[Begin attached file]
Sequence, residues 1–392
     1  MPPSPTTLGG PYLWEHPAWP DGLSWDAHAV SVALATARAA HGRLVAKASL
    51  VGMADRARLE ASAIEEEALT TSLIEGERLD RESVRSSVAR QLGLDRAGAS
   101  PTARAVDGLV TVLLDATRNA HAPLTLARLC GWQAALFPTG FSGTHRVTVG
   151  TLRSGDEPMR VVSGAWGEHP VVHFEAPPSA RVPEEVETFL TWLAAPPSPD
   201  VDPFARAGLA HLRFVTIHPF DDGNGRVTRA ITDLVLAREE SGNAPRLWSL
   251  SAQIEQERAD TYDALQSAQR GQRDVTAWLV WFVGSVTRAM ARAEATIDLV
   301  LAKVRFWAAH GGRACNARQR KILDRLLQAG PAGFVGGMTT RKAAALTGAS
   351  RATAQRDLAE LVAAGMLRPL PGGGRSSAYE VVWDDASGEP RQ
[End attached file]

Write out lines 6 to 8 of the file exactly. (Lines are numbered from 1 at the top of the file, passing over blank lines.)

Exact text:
   201  VDPFARAGLA HLRFVTIHPF DDGNGRVTRA ITDLVLAREE SGNAPRLWSL
   251  SAQIEQERAD TYDALQSAQR GQRDVTAWLV WFVGSVTRAM ARAEATIDLV
   301  LAKVRFWAAH GGRACNARQR KILDRLLQAG PAGFVGGMTT RKAAALTGAS